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The Golden Gate Hotel & Casino’s expansion and remodel bring the 106-year-old resort to the forefront of the rebirth of downtown.
To say that a lot has changed in downtown Las Vegas since Hotel Nevada first opened its doors in 1906 would be a major understatement.
For a little perspective, consider that telephone service was another year from reaching the desert burg, Fremont Street wasn’t paved (that would come nearly two decades later), the local newspaper called the hotel’s 10-foot-by-10-foot, non-air-conditioned rooms “first class” and “as comfortable…as can be found anywhere,” and $1 provided guests of Hotel Nevada—known as the Golden Gate Hotel & Casino today—room and board for a night.
As remarkable as the changes Las Vegas has seen in 106 years are, the changes the property itself has undergone are every bit as extraordinary. From its early days as the two-story Hotel Nevada to a stint as Sal Sagev (Las Vegas spelled backwards) following the 1931 legalization of gambling in Nevada, and from a Rat Pack hangout to its current place at the forefront of downtown Las Vegas’ revitalization, the Golden Gate is a lasting embodiment of the ever-evolving city. “When it opened in 1906, Golden Gate signaled the birth of downtown Las Vegas,” says co-owner and CEO Derek Stevens. “Now, more than a century later, we’re proud to be a vibrant part of [downtown’s] dramatic renaissance.”
The latest changes at Las Vegas’ original hotel-casino, set for completion by the time this issue hits newsstands, aspire to provide a contemporary new look while maintaining the same vintage vibe. What guests will readily notice about the resort’s first major expansion in almost 50 years are the preserved historic exterior with new pinstripe lighting accents and the new five-story luxury tower, which includes 14 hotel suites and two penthouses that comprise the entire fifth floor.
Downstairs, an expanded casino floor features a new high-limit gaming area and the resort’s signature Dancing Dealers, a modern throwback to the brash and beautiful flappers of the Roaring ’20s.
The Golden Gate’s new lobby is decorated with artifacts from its storied past, including a registration book from 1907 and an antique Kellogg telephone. A new lobby-adjacent porte-cochère—or carriage porch—promises to provide the “most convenient valet parking [in] downtown [Las Vegas].”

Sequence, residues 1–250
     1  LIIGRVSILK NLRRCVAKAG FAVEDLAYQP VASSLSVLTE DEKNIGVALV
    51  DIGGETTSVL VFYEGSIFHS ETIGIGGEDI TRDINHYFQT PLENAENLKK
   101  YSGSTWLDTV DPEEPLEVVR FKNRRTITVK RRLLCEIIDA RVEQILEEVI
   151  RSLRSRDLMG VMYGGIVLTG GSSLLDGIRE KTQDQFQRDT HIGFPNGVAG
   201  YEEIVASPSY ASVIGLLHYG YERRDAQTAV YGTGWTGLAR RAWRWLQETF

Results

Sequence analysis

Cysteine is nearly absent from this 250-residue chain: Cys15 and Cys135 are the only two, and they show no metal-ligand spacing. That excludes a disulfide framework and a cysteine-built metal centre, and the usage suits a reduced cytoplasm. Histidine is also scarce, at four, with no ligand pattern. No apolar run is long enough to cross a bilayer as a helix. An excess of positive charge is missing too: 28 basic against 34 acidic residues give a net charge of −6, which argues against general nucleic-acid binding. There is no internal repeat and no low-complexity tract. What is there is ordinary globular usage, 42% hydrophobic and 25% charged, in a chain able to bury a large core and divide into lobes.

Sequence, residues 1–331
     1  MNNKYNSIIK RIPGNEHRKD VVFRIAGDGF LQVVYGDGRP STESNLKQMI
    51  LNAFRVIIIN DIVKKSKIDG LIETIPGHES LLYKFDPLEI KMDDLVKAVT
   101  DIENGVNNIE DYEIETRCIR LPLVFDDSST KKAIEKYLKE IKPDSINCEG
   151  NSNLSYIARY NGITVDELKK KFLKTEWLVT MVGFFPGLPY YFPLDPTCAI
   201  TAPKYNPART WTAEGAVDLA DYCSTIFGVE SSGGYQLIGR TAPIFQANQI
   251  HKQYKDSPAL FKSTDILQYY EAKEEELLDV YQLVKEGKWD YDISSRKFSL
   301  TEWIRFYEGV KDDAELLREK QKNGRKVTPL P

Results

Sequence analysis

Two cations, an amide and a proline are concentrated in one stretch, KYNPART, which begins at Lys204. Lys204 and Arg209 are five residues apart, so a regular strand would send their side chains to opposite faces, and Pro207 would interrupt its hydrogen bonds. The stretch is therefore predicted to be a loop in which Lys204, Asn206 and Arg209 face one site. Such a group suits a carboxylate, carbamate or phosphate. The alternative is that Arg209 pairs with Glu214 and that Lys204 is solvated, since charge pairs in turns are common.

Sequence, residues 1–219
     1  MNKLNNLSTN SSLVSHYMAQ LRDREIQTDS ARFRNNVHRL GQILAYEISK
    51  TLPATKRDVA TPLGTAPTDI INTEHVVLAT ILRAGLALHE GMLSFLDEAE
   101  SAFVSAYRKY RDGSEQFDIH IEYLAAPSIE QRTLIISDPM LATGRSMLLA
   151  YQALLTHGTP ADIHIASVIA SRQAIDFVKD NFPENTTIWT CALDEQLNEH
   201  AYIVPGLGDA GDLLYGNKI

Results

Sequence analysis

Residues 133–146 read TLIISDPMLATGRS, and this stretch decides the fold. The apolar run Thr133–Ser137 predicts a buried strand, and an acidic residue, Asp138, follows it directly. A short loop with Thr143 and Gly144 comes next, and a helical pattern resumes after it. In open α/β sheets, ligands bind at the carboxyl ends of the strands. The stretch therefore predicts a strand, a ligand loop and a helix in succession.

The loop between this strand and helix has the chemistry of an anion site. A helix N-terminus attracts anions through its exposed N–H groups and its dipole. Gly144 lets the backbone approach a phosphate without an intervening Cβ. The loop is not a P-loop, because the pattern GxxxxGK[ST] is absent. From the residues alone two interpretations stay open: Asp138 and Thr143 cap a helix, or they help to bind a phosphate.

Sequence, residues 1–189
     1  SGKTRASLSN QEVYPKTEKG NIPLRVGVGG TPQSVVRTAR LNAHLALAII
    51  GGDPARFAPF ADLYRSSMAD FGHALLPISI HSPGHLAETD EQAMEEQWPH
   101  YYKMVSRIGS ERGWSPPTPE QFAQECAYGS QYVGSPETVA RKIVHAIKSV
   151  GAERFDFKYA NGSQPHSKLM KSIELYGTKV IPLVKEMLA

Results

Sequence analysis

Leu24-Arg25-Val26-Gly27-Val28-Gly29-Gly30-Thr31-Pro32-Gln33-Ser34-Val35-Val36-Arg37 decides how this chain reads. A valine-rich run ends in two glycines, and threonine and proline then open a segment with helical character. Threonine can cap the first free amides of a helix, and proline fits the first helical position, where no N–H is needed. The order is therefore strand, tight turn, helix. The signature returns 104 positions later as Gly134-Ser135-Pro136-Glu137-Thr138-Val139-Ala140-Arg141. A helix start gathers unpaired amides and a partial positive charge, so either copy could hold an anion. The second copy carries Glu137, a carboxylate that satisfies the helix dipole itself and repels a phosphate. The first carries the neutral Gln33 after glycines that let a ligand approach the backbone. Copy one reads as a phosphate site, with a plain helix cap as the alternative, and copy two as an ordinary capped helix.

The existing 106 boutique-hotel rooms at Golden Gate have also received facelifts and offer modern amenities—such as pillow-top mattresses, flat-screen TVs, iPod docking stations, and Keurig coffee makers—while maintaining a vintage Vegas ambiance. “This property has been characterized by a unique excitement and mystique from day one,” Stevens says. “And we can’t wait to start the next chapter in this wonderful Las Vegas story.”
106 YEARS ON FREMONT STREET
Hotel Nevada opens at the corner of Fremont and 4th Streets.
The first telephone in Las Vegas is installed at Hotel Nevada.
Hotel Nevada puts away its roulette and poker tables when gambling is outlawed in Nevada.
Fremont Street is paved.
Hotel Nevada installs an outdoor electric sign on Fremont Street.
Gambling is legalized in Nevada, and Hotel Nevada expands and changes its name to Sal Sagev (Las Vegas spelled backwards).
San Francisco’s Golden Gate Bridge (the casino’s namesake landmark) opens to traffic.
A group of Bay Area investors purchases Sal Sagev and changes its name to Golden Gate Casino.
The hotel portion is expanded, and a metal screen façade is built to conceal the historical exterior.
The Golden Gate is restored to its original appearance.
The Fremont Street Experience opens, transforming old Las Vegas into an “urban theater.”
LAS VEGAS’ ORIGINAL
In 1959, the Golden Gate Hotel & Casino’s Shrimp Bar & Deli introduced shrimp cocktails for 50 cents each, and the bargain-priced snacks soon became a Las Vegas staple. Golden Gate has served more than 40 million to date and has managed to keep the price low ($2.99 today) because the staggering volume served—about a ton of shrimp a week—gives the modestly sized property the buying power of its mega-resort counterparts.
FOR MORE INFORMATION
Golden Gate Hotel & Casino
1 Fremont St.,
Las Vegas, NV 89101